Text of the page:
Aujourd’hui, il n’existe aucune projection sur l’avenir de ce produit. Il se peut que Motorola cherche à créer des concepts et les protège afin d’empêcher de nouveaux acteurs d'essayer de développer un concept similaire. Il ne faut donc pas spécialement s’attendre à retrouver ce produit sur le marché dans les jours à venir. Ce type de dispositif serait déjà utilisé dans le domaine militaire. Selon Patrick Moorhead, analyste chez Moor Insights & Strategy, l'armée utiliserait déjà des microphones de gorge pour rendre les communications plus claires. De plus, nous n’avons pas de recul pour connaître les effets secondaires que peuvent provoquer cette technologie. Concernant les interrogations sur les problèmes de santé que cette technologie peu engendrer, Motorola reste silencieux.Dans l’avenir ce dispositif pourrait même être utilisé comme un détecteur de mensonges. Le tatouage inclurait ainsi un détecteur de réponse galvanique (utilisant les courants électriques du corps). En effet, la réponse galvanique de la peau est différente lorsque l’individu est nerveux, dit des mensonges ou lorsqu’il est confiant et dit la vérité. Enfin, ce système pourrait aussi permettre de contrôler son smartphone avec la voix. L’annonce du dépôt de brevet par Motorola manifeste certainement le début d’une nouvelle ère d’objets connectés, intégrés au corps humain.
Source : L'Atelier

mercredi 13 novembre 2013

Boku permet de payer sa place de parking d’un simple sms

BokuLes services de carrier billing se multiplient, simplifiant le paiement et poussant les géants high-tech à nouer des partenariats pour intégrer ces fonctionnalités.

Usages en plein expansion dans le domaine du m-paiement, les services de carrier billing permettent aux utilisateurs de payer divers produits notamment sur les réseaux sociaux et plateformes d’applications en utilisant des crédits téléphoniques pouvant être directement mobilisés par sms. Paradoxalement il s’agit de l’une des formes les plus anciennes de paiement sur mobile, développés dès l’apparition des premiers appareils pour acheter des fonds d’écran ou sonneries spécifiques par exemples. Mais aujourd’hui il s’agit d’un service  indispensable au développement dumarché des applications estimé à près de 25 milliards de dollars. Plusieurs acteurs tentent à présent d’intégrer ces services mobiles dans des usages du quotidien.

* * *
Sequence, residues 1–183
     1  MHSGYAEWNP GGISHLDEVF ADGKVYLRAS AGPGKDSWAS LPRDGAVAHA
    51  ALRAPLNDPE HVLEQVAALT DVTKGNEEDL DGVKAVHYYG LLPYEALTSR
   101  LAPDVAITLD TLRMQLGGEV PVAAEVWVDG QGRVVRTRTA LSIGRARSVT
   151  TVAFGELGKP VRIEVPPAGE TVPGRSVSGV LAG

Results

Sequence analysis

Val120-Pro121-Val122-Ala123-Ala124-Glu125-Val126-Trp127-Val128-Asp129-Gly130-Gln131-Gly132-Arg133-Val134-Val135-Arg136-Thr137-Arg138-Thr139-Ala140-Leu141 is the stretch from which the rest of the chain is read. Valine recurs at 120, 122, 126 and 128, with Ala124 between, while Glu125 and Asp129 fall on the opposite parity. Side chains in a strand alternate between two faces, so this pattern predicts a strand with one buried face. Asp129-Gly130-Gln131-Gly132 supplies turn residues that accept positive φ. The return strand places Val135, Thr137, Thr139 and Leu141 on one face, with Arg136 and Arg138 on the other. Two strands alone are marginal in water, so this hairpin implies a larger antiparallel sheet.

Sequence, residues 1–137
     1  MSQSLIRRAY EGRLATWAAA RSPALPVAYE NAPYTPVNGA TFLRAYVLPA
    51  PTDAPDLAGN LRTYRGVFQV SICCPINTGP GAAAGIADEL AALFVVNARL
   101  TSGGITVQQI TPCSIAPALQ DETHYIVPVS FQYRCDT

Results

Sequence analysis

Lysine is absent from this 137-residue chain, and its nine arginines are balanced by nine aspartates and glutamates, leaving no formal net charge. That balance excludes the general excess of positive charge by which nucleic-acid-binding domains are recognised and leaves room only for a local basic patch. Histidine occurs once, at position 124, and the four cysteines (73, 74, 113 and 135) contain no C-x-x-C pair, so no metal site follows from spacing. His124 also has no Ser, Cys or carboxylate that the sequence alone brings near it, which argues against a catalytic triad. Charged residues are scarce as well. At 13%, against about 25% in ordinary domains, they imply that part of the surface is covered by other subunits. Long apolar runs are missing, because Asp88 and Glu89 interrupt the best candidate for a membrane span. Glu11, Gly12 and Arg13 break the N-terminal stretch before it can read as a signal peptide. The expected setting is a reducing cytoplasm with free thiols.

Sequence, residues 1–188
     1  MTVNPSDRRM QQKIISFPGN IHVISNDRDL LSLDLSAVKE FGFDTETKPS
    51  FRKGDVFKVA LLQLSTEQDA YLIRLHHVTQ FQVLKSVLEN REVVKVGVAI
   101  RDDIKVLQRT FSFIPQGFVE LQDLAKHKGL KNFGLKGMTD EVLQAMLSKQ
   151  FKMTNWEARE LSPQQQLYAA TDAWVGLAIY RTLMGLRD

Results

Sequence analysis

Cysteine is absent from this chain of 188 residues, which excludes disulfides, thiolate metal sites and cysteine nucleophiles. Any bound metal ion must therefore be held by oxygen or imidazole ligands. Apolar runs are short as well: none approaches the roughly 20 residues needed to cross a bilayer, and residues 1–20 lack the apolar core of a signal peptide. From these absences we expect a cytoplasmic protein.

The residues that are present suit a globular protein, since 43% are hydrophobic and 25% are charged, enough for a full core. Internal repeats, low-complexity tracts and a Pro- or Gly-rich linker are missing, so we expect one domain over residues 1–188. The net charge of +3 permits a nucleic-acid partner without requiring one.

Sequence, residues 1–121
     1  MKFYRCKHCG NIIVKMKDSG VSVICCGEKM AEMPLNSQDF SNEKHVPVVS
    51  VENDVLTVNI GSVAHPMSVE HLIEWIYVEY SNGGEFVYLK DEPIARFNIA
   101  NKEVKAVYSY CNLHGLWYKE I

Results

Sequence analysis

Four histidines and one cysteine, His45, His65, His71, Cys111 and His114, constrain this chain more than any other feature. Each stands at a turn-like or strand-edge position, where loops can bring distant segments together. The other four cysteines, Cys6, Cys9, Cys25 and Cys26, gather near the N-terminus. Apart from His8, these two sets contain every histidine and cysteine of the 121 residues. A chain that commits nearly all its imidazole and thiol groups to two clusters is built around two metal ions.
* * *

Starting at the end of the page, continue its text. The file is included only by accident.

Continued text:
Le carrier billing à l’assaut du monde réel

L’entreprise de carrier billing basée à San Francisco,Boku après avoir développé ses services sur différentes plateformes et réseaux sociaux étend son marché au monde réel avec un premier partenariat. En collaboration avec PassportParking l’entreprise permet aux usagers de plusieurs grandes villes américaines de payer leurs places de parking directement par sms, mettant fin ainsi aux appoints approximatifs aux parcmètres. Cette incursion d’un service à l’origine exclusivement digital dans des usages quotidiens et physiques marque une étape menant à la généralisation du carrier billing.  Boku utilise en effet la même technique au cœur de sa chaîne de valeur d’origine, les utilisateurs de PassportParking payent directement leur facture grâce à leur numéro de téléphone, le montant étant déduit du forfait géré par l’opérateur et nom d’un compte en banque ou autre porte-monnaie digital.  

Une tendance qui affecte les géants du e-commerce et des mobiles